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Stephen-KarenConn Says: This small original log building housed the first U.S. Post Office west of the Alleghenies, when Kentucky was still a district of Virginia. Thomas Barbee was commissioned the first postmaster on August 20, 1792, and the first mail was received a few weeks later on November 3...
Stephen-KarenConn Says: Boyle County was established in 1834 and named for Judge John Boyle, who served at different times as a state representative, United States Congressman, and U.S. District Judge for Kentucky. Although Danville was one of the first towns established in Kentucky, Boyle County...
Stephen-KarenConn Says: The Ephriam McDowell House, a National Historic Landmark, sits across Second Street from Constitution Square in downtown Danville.It was here on Christmas morning, 1809, that Dr. McDowell began his historic operation of abdominal surgery, without anesthetic or pain killers,...
Stephen-KarenConn Says: Fishers Row, on the eastern edge of Constitution Square in downtown Danville, was built around 1816-1817 by Jeremiah Fisher as the first rental property in Danville. The row of historic buildings consists of two, two-story houses with a common center wall. The brickwork is...
Stephen-KarenConn Says: Trinity Episcopal Church, on Main Street in downtown Danville, is the oldest church building still in use for public worship in Boyle County. Trinity Parish was organized in 1829 and the first building erected the following year. The edifice was gutted by fire on February,...
From the northeast: Take I-64 West to Lexington. Exit SR-922 and follow signs to Bluegrass (BG) Parkway (US-60). Travel west to US-127 South and follow to Danville.
From the north: Take I-75 South to Lexington. Exit SR-922 and follow signs to Bluegrass (BG) Parkway (US-60). Travel west to US-127 South and follow to Danville.
From the northwest: Take I-64 East to US-127 South and follow to Danville.
From the southwest: Take I-65 North to Cumberland Parkway. Travel east to US- 127 North and follow to Danville.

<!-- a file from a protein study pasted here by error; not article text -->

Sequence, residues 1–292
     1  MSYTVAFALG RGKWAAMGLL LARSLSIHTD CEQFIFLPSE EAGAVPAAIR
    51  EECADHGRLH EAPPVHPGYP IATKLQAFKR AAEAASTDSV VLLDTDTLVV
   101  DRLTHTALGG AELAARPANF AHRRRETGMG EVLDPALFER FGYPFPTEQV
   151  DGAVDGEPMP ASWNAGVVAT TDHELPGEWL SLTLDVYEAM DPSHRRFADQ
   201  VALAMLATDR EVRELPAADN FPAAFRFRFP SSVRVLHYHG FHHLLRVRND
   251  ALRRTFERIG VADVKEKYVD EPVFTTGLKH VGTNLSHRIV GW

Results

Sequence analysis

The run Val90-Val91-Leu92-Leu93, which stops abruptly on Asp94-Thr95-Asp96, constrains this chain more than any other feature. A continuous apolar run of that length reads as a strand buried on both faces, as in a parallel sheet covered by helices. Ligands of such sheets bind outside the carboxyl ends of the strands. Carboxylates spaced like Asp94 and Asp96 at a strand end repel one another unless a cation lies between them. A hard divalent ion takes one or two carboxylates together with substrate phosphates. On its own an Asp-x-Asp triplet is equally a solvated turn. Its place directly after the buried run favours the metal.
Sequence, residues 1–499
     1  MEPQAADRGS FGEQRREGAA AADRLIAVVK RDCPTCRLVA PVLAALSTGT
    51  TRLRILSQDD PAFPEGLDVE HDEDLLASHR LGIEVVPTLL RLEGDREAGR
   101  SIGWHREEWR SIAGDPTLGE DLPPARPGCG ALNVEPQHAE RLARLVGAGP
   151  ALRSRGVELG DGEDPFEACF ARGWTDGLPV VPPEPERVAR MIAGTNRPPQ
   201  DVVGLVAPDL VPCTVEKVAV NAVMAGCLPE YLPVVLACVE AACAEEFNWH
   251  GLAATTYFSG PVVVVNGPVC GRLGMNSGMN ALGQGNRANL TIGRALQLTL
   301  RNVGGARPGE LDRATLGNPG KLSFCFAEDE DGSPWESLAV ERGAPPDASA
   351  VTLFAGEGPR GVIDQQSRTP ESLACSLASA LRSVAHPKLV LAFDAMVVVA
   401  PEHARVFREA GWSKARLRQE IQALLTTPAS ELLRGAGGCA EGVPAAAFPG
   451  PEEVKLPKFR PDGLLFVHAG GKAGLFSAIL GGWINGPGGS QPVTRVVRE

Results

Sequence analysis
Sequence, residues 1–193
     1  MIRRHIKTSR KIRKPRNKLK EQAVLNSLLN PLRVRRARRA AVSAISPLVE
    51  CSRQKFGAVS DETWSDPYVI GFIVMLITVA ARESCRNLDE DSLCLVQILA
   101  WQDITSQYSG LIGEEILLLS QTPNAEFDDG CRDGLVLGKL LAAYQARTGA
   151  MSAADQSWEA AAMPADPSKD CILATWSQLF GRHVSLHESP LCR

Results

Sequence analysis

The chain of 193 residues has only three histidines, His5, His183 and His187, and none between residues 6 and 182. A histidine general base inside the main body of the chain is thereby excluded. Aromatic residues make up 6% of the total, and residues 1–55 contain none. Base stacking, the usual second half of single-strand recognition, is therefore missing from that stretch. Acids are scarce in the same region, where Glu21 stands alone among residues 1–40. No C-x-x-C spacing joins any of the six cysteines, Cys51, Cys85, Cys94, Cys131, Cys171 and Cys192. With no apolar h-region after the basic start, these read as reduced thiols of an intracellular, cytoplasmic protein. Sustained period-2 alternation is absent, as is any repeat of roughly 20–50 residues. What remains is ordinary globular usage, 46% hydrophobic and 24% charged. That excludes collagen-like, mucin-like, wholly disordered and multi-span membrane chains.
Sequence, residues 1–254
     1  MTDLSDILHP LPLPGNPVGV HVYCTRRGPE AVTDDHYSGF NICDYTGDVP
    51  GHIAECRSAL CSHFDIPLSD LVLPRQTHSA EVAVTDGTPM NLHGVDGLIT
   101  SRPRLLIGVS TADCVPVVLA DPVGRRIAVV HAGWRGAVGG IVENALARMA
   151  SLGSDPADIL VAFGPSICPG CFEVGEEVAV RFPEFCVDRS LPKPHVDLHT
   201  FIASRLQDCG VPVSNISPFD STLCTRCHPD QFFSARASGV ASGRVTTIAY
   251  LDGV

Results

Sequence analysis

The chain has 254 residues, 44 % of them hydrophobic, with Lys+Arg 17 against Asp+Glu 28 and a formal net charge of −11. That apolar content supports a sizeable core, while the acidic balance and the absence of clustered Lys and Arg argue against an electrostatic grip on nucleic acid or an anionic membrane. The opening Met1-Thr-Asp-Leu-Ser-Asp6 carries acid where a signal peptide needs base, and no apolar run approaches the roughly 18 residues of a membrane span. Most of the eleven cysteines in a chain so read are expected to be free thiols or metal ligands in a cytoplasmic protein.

From the southeast: Take I-75 North to Exit 59 (Mt. Vernon, US-25); US-25 becomes US-150. Travel west on US-150 to Danville.
There is plenty of parking for the festival, but be ready to do some walking, since it isn't practical to drive around at the festival - many streets are closed for the activities.
Written Aug 26, 2002
The Constitution Square Museum Store is located in the historic Goldsmith House on a corner of the square. This is a good place to find books of Kentucky history and educational items as well as souvenirs and crafts of Danville and Kentucky. I found postcards and a refregerator magnet for my collections here.
The Museum Store also serves as an information center for Constitution Square. Behind the store, in a seperate modern building, are public restrooms.
What to buy: The Museum Store features craft items from the "Kentucky Collection," a project of the Kentucky Craft Marketing Program, a division of the Kentucky Arts Council, Commerce Cabinet. Products in the Collection represent quality, moderately priced Kentucky crafts, visual arts, foods, books and music that are available for sale in selected retail venues around the state.
Updated Apr 4, 2011
Address: 134 South Second Street, Danville, Kentucky 40422
The Danville Laybrinth, is located on Main Street in McDowell Park, between Centre College and the Presbyterian Church. It was built in 2002 by a non-denominational committee of local citizens and is a replica of the 11-circuit labyrinth of Chartres Cathedral in France. The labyrinth belongs to the entire community of Danville.
Forty-feet in circumference, the labyrinth is an ancient pattern found in many cultures around the world. A feature labyrinth's have in common, whether called a "Medicine Wheel," "Never Ending Circle," or "Kabala," is that they all have one path which winds in a circuitous way to the center. It is designed to be a place of prayer and meditation for all people.
Updated Jun 28, 2007
Phone: (859) 332-4201
You are safer in Danville than in most towns in Kentucky.
They only have registered 10 sex offenders (website below). In five years there have been no murders and only 25 violent crimes (rapes, assaults). The biggest crime they have is petty theft (shop-lifting) and that seldom affects tourists.
That doesn't mean that you shouldn't lock your car doors, or leave your motel room door with the chain off, or walk down unfamiliar streets at 3am..... Use common sense and be aware of your surroundings and you will be fine.
Updated Apr 16, 2007
Eleven miles due west of Danville is the Perryville Battlefield State Park, site of Kentucky's largest engagement in the War Between the States.
Because it is in an undeveloped rural area, Perryville may be the most pristine battlefield site in the United States. There is a Visitor Center with an information desk, maps, books and videos available. The battlefield itself has interpretative markers which allow the visitor to follow the flow of the battle over grass covered hills and dales, seeing the landscape much as it was on that fateful day, October 8, 1862.
The Battle of Perryville holds a special personal significance for me because two of my great great uncles fought there as Confederate soldiers. One was captured and the other was listed as missing. He is probably among the hundreds of unknown dead buried in mass graves on the battlefield.
Those who are interested may follow the link below to read my Perryville Battlefield State Park page.
Updated Jul 2, 2007